With every rib on his left side broken, his abdomen and spleen uncovered, his lung ripped open, diaphragm punctured and the main artery from his heart exposed, it took 360 stitches to put Rodney Fox back together after he was mauled by a great white shark in 1963. Surprisingly, he survived the attack. Less surprisingly, he went on to invent the shark cage.
Today Rodney (now 70) and his son, Andrew, take "sharkophiles" to South Australia's Neptune Islands in the cooler months, where great whites approach six metres and 2000 kilograms. The beasts cruise past your cage within petting range before grabbing the bait, teeth lunging. Extreme photography is the lure for many divers, says Andrew, who hosts three- and four-day trips to the Neptunes, 70 kilometres south of Port Lincoln - or about 4½ hours aboard the 23-metre Princess II.
"Taking the cage 18 metres down to the ocean floor is the ultimate thrill," he says. "The floor is more confrontational and more dangerous, which makes for better photos."
Andrew says the islands feel like a final frontier. "The Neptunes boast pristine, clear waters and there are huge stingrays, a major fur seal colony and unique reefs as well as rare leafy sea dragons. And the sunsets are incredible."
Three-night cruises are from $1995 a person twin share, four nights from $2470 a person, twin share. Ocean floor cage diving is for certified divers only. (08) 8363 1788. www.rodneyfox.com.au.)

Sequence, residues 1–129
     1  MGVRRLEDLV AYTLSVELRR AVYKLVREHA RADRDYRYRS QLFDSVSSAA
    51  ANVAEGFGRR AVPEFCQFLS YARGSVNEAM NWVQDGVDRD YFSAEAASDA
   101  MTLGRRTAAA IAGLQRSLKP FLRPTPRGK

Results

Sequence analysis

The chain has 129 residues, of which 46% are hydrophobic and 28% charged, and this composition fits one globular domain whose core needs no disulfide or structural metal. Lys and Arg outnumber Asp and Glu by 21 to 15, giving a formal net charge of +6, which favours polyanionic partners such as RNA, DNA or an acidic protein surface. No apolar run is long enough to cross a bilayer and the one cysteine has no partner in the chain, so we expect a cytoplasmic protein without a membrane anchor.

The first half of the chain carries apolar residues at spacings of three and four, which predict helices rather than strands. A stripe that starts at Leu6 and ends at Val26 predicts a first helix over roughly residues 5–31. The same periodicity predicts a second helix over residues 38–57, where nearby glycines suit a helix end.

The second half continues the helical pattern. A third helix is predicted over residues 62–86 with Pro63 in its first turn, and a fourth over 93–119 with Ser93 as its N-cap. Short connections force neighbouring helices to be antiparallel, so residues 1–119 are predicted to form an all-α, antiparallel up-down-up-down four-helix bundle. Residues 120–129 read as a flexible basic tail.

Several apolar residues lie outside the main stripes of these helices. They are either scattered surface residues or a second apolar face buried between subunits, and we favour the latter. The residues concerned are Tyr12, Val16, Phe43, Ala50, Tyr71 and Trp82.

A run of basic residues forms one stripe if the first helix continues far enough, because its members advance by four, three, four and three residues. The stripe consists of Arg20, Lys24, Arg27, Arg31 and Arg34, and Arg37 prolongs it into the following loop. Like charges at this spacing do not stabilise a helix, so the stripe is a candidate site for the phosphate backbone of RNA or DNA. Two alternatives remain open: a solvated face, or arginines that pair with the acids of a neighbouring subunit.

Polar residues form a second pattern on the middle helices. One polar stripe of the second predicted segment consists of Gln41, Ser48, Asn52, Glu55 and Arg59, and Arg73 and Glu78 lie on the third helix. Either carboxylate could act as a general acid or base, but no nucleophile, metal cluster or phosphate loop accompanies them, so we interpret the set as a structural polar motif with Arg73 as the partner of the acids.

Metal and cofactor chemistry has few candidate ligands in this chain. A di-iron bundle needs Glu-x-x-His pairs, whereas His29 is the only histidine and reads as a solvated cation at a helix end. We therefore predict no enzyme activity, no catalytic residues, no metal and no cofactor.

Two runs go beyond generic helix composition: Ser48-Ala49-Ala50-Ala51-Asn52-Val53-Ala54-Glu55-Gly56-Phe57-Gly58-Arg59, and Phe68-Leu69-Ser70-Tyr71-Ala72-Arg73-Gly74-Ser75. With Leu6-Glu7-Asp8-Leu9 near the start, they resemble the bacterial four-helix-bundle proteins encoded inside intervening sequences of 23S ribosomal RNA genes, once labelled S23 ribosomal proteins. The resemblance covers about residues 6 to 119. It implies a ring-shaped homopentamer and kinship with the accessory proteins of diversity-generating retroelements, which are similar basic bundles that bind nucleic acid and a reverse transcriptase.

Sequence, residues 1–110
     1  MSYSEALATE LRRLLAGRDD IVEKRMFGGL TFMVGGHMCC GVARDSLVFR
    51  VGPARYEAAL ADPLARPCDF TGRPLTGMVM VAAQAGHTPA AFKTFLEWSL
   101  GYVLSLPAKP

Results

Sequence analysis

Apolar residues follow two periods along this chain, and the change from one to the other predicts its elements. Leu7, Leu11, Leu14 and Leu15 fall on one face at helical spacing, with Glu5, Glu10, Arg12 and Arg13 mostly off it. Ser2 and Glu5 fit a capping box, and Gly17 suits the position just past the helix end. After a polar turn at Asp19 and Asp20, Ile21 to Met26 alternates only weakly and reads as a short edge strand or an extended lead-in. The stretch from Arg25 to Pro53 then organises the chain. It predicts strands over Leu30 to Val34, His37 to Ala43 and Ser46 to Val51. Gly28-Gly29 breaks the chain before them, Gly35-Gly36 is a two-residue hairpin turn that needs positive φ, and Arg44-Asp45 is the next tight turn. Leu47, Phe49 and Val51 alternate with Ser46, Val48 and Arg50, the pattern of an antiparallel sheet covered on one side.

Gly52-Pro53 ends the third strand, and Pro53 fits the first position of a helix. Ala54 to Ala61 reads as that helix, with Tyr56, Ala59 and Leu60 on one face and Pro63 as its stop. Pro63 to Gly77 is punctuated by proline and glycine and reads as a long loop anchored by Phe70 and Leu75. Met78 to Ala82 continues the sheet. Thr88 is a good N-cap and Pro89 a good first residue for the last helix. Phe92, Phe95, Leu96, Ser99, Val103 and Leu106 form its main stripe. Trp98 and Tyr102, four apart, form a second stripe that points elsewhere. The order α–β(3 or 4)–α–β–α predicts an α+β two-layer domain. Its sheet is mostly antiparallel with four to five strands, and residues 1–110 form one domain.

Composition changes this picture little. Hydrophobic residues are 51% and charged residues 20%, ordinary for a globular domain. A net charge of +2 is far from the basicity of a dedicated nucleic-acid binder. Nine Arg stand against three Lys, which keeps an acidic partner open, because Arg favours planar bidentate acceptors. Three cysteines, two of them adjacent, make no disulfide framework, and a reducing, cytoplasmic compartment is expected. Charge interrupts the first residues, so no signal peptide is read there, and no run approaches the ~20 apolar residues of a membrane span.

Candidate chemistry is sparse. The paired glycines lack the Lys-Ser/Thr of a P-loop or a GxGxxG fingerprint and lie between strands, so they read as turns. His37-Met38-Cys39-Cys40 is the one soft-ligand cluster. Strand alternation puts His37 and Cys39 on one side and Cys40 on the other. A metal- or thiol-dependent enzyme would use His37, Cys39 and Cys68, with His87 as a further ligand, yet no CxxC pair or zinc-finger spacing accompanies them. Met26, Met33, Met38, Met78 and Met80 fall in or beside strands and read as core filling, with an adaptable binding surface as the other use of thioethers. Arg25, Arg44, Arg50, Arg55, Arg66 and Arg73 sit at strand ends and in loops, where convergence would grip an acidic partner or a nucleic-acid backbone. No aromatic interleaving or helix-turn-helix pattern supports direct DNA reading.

The incredible Cocos Island Marine Park, 483 kilometres south-west (or 36 hours) from Cabo Blanco, Costa Rica, is a World Heritage-listed site and the jewel in the crown of Costa Rica's national parks.
Cocos is the largest uninhabited island in the world and is considered a must-dive location for marine aficionados. Legendary diver and filmmaker Jacques Cousteau called Isla del Coco the "most beautiful island in the world" and Robert Louis Stevenson immortalised it as Treasure Island.
Beneath the tropical waters hammerhead sharks school among labyrinthine coral reefs, especially in June, July and August. Whale sharks are regulars at this time of year and mobula rays up to five metres across (also known as devil fish) breach up to two metres out of the water. Dolphins, tuna, barracudas and pilot whales are spotted, while curious two-metre white-tipped reef sharks and silky sharks gather by the score.
The Undersea Hunter Group has 10-day Cocos Island tours starting at $US4895 ($4575) a person, twin share. A six-metre DeepSee submarine takes two passengers and a pilot to a maximum depth of 305 metres, priced from $US1200 a person, for the ultimate 1½ hour thrill. +506 2228 6613. (underseahunter.com.)